possible to define two palynozones of lower age-resolution than that for Abu Tunis
1x. Spore and pollen grains recovered from both boreholes show characteristics of
the Cretaceous Phytogeographic Provinces of northern Africa-northern South
America. Sporomorphs of the pre-Albian Dicheiropollis/Afropollis Province were
recognised from the lower part of the Abu Tunis 1x borehole and sporomorphs
characteristic of Albian-Cenomanian Elaterate Province identified from both. No
spore and pollen grains of the Senonian Palmae Province have been recognised
due to the complete marine nature of the early Santonian sediments of the Abu
Tunis 1x borehole.
In order to understand the palaeoenvironmental conditions prevailing in the
two boreholes during the deposition of the clastic and carbonate sediments,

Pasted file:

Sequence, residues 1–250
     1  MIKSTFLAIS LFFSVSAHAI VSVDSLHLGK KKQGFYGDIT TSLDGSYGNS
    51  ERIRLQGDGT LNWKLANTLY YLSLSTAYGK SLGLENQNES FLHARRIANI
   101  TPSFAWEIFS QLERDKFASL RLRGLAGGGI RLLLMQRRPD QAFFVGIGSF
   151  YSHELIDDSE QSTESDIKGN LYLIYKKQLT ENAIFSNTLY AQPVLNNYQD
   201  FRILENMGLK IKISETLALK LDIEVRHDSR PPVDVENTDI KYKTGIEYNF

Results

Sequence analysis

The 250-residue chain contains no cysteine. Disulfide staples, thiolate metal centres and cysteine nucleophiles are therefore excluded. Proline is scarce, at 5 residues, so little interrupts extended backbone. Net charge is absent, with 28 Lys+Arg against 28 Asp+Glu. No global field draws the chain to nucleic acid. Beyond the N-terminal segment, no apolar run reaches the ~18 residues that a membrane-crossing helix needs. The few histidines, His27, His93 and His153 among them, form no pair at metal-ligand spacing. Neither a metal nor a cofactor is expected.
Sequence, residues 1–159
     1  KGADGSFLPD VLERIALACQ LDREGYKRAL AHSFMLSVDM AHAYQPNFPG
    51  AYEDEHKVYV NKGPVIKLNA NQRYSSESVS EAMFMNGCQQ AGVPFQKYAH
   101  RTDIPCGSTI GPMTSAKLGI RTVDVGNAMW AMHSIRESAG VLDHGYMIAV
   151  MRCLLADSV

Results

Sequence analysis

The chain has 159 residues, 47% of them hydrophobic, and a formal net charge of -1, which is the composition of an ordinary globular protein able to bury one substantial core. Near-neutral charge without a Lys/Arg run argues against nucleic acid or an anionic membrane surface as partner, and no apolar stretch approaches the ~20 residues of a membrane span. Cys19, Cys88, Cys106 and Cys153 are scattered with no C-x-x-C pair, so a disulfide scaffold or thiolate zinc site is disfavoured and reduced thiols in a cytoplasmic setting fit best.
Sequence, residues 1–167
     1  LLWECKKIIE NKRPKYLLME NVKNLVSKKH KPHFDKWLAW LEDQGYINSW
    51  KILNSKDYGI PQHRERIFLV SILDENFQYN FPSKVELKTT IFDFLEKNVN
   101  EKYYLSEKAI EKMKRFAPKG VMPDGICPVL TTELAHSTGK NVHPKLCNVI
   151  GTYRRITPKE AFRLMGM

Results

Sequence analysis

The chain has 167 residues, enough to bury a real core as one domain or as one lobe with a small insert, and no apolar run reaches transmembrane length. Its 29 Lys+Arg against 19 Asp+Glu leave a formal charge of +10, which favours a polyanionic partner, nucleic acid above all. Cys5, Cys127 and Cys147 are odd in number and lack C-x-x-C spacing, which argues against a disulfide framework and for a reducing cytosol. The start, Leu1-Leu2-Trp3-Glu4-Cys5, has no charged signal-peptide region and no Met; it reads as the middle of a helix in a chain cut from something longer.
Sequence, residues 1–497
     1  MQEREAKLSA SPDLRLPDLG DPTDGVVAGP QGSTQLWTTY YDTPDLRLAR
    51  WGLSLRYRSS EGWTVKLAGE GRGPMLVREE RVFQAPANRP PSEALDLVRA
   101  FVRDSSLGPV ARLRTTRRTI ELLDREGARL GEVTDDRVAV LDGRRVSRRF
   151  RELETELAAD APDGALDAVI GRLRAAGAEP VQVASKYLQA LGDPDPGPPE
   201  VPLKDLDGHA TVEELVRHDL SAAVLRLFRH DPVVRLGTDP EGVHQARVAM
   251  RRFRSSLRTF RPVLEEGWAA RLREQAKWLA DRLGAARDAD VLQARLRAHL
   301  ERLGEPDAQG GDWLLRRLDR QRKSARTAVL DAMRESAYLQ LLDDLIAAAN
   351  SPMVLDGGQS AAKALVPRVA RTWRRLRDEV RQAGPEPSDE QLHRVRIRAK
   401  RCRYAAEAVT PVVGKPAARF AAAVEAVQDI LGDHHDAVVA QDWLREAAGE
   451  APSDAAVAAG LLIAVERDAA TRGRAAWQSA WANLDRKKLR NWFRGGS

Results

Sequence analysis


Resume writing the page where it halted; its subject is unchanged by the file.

quantitative palynological data was combined with geophysical wireline data and
cuttings lithologies. The quantitative distribution of certain terrestrial palynomorphs
with known botanical affinities and palaeoenvironmental significance have been
used as proxy indicators for identifying palaeoclimatic and palaeoceanographic
conditions in both borehole regions.
In general, the lower part of the Abu Tunis 1x succession (consisting of shale
and sandstones) was deposited in deltaic settings during a regressive cycle with
sediments of the upper Alam El Buieb Formation and the Alamein Formation
representing the late Barremian-Aptian transgression cycle, during which shallow
marine settings prevailed. Clastics of the Dahab and Kharita formations represent
another regression in marine sedimentation, where fine silts and a few shale
horizons of the latter formations were deposited in a delta channel system that